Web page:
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Economic crisis casts shadow over biodiversity talks
 
 
 

HYDERABAD - The global economic crisis cast its shadow over UN talks that closed in India on Saturday after two weeks of intense wrangling on funding to reverse the decline of Earth’s natural resources.
A deal was finally signed a day later than planned, after a succession of late-night sessions that pitted rich countries reticent to fork out more cash as they try to balance the books, against poor ones. Several traditional donor countries cited the world’s economic troubles as a factor in the talks, held under the auspices of the UN’s Convention on Biological Diversity (CBD).
“Countries like us in difficult financial times are making big sacrifices with taxpayers’ money. We want to make sure... that we are not leaving ourselves open to putting greater burden on our taxpayers,” British Environment Minister Richard Benyon told AFP on the penultimate day of the negotiations.
In the end, the deadlock was broken and developed states pledged to double by 2015 the aid they provide to poor countries for biodiversity projects, compared to a baseline of average annual aid in the period 2006-2010.
No figures were mentioned, but observer groups believed the new annual figure would amount to about $10 billion (8 billion euros) per year — just 10 percent of what global consumers spent on chocolate last year.
Some negotiators, especially in the European Union, hailed the deal as a symbolic breakthrough in tough times.
“In the context of the financial crisis, this is a good deal,” French Environment Minister Delphine Batho told AFP.
Yet CBD member countries lamented that “the lack of sufficient financial resources” was hampering progress on biodiversity, urging one another to “consider all possible sources and means that can help to meet the level of resources needed”.
Many observers believe the pledge is not nearly enough, and warned a failure to pay up now could spell disaster.
“Efforts to conserve nature must be urgently scaled up if we want to meet the 2020 deadline to save all life on Earth,” the International Union for Conservation of Nature said.
Earlier in the week, the union had added 400 animals and plants to its authoritative “Red List” of species at risk of extinction.
A quarter of the world’s mammals, 13 percent of birds, 41 percent of amphibians and 33 percent of reef-building corals are now at risk of dying out, according to the list.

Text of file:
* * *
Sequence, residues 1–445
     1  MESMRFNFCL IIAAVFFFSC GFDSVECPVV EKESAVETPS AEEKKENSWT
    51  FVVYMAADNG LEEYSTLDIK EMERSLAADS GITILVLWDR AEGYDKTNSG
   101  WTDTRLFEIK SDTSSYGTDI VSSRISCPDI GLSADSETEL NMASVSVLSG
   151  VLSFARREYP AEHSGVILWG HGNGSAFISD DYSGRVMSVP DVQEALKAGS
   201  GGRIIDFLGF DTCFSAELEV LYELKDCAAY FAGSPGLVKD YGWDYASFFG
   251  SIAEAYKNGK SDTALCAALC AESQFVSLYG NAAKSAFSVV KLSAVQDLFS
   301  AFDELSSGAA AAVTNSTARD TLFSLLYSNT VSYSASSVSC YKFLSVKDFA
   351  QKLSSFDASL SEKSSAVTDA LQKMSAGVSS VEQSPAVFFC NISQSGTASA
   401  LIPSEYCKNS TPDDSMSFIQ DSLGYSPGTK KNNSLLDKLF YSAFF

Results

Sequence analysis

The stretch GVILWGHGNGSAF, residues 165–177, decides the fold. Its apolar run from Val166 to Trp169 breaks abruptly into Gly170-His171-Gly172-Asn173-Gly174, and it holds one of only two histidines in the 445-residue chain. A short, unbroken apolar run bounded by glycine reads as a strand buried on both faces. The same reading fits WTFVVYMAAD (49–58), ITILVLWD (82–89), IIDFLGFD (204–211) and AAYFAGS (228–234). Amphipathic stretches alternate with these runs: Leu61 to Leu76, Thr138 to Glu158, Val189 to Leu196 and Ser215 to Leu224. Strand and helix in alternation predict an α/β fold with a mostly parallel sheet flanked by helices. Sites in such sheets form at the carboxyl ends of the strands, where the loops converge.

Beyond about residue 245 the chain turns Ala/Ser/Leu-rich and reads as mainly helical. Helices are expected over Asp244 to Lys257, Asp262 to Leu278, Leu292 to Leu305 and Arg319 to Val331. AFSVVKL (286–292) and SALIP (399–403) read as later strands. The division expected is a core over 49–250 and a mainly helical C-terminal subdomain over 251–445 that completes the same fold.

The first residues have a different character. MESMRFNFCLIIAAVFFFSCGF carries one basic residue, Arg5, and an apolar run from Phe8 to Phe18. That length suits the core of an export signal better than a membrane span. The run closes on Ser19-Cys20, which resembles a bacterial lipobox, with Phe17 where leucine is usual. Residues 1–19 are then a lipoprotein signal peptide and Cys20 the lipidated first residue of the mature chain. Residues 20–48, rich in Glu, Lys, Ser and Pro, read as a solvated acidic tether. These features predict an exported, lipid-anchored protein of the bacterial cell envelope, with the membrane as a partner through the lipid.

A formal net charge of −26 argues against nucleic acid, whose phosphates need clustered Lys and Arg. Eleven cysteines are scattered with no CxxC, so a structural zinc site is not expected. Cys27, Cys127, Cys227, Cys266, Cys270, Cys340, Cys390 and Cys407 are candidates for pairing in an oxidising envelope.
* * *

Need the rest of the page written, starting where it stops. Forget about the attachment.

“If we do not invest in nature now, the cost will be tremendous in terms of the loss of our global biodiversity and the vital ecosystem services it provides for humanity,” said Conservation International biodiversity head Lina Barrera.
Conservation group WWF said about $200 billion must be invested in biodiversity annually if the world is to meet the targets it set two years ago to turn back the loss of species and habitat that humans rely on for food, water and livelihoods.
“What’s been agreed in Hyderabad represents less than half this number.”
Environment talks in Rio de Janeiro in June and a succession of UN climate conferences have been marked by a failure to meet funding targets.
“We have a global economic crisis that is of course more urgent in Europe than anywhere else, and Europe has always been the leading political bloc in these negotiations,” WWF executive director for conservation Lasse Gustavsson, told AFP.
“Environment negotiations have always been orchestrated by the EU. It is not happening here and it was not happening in Rio.”
UN Environment Programme executive director Achim Steiner said economic woes had affected the global commitment to solving the planet’s ills, “which risks eroding the ability of nations to act collectively in addressing fundamental environmental challenges”.
Yet “the incentives to invest — both economic and environmental — are clearer than ever”, he said.
The economic crisis hit at a time that environment issues were starting to gain serious ground on the global agenda.
While the environment, global warming and biodiversity may not have been completely abandoned, observers feel things have not moved as quickly as they should have.
Countries decided at the last CBD conference in Nagoya, Japan, two years ago on an ambitious 20-point plan to turn back the tide of biodiversity depletion by 2020.
The so-called Aichi Biodiversity Targets include halving the rate of habitat loss, expanding water and land areas under conservation, preventing the extinction of species on the threatened list, and restoring at least 15 percent of degraded ecosystems.
But the plan has been hamstrung by a lack of cash for conservation, research, and the creation of green business alternatives.
“The need for the world’s nations to come together to implement the Aichi Targets grows more pressing with widespread extinction increasing every year,” said Conservation International president Russell Mittermeier.

 
 
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